- USS Agamemnon during the Great War -
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1st January 1917 American Troopship
The second SS Kaiser Wilhelm II, was a 19,361 gross ton passenger steamer built at Stettin, Germany, completed in the spring of 1903. It was eventually seized by the U.S. Government during World War I, and subsequently served as transport ship. A famous photograph taken by Alfred Stieglitz called The Steerage as well as descriptions of the conditions of travel in the lowest class have conflicted with her otherwise glitzy reputation as a high class, high speed trans-Atlantic liner.
Designed for high speed trans-Atlantic service, she won the Blue Riband for the fastest eastbound crossing in 1904. In the years before the outbreak of World War I, she made regular trips between Germany and New York, carrying passengers both prestigious (in first class) and profitable (in the much more austere steerage). Kaiser Wilhelm II was west-bound when war with Britain began on 4 August 1914 and, after evading patrolling British cruisers, arrived at New York two days later.
United States military service
She was seized by the U.S. Government when it declared war on Germany on 6 April 1917, and work soon began to repair her machinery, sabotaged earlier by a German caretaker crew, and otherwise prepare the ship for use as a transport. While this work progressed, she was employed as a barracks ship at the New York Navy Yard.
The U.S. Navy placed the ship in commission as USS Kaiser Wilhelm II (ID-3004) in late August 1917. Her name was changed to Agamemnon at the beginning of September and active war work commenced at the end of October, when she left for her first troopship voyage to France. While at sea on 9 November 1917, she was damaged in a collision with another large ex-German transport, USS Von Steuben (ID-3017), but delivered her passengers to the war zone a few days later. Following return to the U.S. in December and subsequent repair work, Agamemnon again steamed to France in mid-January 1918 and thereafter regularly crossed the Atlantic as part of the massive effort to establish a major American military presence on the Western Front. The routine was occasionally punctuated by encounters with real or suspected U-boats and, during the autumn of 1918, with outbreaks of influenza on board.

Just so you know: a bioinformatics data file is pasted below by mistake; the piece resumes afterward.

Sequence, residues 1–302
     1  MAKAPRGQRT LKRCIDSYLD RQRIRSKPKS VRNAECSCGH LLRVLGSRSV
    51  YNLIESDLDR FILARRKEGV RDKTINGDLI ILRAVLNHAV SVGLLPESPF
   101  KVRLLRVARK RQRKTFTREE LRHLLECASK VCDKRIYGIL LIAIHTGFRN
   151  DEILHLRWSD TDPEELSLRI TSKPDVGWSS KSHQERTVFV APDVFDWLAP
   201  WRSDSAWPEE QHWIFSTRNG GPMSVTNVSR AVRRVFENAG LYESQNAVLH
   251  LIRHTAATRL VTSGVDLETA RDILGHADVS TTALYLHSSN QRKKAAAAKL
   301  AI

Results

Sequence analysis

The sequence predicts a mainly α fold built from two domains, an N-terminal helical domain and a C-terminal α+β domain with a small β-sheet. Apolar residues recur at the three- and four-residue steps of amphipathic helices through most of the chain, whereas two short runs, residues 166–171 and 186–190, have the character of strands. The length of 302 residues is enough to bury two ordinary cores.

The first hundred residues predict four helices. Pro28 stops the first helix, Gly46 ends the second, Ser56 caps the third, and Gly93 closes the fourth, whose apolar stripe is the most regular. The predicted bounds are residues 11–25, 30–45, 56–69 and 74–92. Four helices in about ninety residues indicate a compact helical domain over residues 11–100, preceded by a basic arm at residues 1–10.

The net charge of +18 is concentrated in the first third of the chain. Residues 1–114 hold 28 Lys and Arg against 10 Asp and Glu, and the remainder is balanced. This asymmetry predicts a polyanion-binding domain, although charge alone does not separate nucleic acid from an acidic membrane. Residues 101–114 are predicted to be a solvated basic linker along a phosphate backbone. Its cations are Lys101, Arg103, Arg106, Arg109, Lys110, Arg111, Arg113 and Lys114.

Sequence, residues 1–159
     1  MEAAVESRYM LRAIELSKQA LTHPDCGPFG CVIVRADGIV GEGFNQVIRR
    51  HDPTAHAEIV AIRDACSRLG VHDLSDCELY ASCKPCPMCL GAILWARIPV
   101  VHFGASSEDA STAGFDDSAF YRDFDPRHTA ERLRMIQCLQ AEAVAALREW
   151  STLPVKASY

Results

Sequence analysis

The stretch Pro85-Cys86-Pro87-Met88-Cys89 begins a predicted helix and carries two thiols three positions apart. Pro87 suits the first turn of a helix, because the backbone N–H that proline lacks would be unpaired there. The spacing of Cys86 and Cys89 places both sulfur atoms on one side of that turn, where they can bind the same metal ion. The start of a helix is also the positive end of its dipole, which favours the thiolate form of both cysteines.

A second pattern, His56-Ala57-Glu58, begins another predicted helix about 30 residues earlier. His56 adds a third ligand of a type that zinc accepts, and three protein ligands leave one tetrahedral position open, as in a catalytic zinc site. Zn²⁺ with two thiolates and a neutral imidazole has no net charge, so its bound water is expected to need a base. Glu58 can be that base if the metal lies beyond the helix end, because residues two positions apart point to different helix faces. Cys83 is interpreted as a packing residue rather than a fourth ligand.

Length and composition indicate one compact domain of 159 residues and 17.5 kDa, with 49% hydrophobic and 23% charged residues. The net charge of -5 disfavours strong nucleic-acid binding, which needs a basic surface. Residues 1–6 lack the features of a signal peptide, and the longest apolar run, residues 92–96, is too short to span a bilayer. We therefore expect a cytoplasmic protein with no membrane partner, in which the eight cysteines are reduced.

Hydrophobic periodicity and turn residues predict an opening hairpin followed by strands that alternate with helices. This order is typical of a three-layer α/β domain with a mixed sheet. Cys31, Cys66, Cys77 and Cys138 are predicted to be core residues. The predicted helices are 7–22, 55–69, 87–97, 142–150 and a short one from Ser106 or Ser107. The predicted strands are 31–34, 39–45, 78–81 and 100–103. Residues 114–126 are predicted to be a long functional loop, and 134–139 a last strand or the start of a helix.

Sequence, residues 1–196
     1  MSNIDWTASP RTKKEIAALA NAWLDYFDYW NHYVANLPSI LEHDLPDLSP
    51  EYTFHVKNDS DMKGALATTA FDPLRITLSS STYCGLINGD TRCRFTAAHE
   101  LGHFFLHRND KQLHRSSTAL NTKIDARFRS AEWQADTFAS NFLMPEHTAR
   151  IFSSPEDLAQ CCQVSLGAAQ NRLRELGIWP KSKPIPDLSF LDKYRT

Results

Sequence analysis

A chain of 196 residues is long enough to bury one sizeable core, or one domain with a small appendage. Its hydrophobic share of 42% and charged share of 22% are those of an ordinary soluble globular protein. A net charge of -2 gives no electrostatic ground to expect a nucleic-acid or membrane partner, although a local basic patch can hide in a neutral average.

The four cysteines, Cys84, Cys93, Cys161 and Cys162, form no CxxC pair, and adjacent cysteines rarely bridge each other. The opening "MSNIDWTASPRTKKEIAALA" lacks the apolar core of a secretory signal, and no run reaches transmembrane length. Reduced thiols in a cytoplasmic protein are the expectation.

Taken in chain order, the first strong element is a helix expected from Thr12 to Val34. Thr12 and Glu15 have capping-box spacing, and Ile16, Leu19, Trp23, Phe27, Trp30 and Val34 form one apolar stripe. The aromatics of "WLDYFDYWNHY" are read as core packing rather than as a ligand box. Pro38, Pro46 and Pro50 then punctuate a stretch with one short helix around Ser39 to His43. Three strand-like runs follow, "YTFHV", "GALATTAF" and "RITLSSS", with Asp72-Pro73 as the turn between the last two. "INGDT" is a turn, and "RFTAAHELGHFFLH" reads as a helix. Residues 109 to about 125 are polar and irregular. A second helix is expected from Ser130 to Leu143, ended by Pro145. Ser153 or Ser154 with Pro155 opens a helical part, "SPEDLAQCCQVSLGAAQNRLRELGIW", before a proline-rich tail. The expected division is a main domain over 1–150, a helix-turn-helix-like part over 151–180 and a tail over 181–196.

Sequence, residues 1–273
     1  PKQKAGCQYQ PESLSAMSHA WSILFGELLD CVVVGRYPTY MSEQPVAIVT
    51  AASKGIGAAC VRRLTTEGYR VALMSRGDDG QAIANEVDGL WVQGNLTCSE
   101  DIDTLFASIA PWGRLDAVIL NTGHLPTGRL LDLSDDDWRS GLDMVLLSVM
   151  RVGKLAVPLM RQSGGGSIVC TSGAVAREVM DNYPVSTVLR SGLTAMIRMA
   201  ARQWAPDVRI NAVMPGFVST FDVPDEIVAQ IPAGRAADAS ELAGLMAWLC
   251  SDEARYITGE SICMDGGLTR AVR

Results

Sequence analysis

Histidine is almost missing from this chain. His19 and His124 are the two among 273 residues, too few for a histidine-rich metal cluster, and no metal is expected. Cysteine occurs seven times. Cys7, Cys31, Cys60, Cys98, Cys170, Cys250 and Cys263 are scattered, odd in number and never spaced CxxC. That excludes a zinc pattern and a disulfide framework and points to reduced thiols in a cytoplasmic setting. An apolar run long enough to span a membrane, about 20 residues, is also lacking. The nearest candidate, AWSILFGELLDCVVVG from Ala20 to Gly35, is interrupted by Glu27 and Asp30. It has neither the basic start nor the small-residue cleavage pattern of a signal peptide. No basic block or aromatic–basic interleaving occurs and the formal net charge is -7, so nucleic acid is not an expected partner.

In mid-December 1918, just over a month after the Armistice ended the fighting, Agamemnon began to bring Americans home from France. She made nine voyages by August 1919, carrying nearly 42,000 service personnel, some four thousand more than she had transported overseas during wartime. USS Agamemnon was decommissioned in late August and turned over to the War Department for further use as a U.S. Army Transport. Laid up after the middle 1920s, she was renamed Monticello in 1927 but had no further active service. Monticello was considered too old for use in the Second World War, and was sold for scrap in 1940.John Doran
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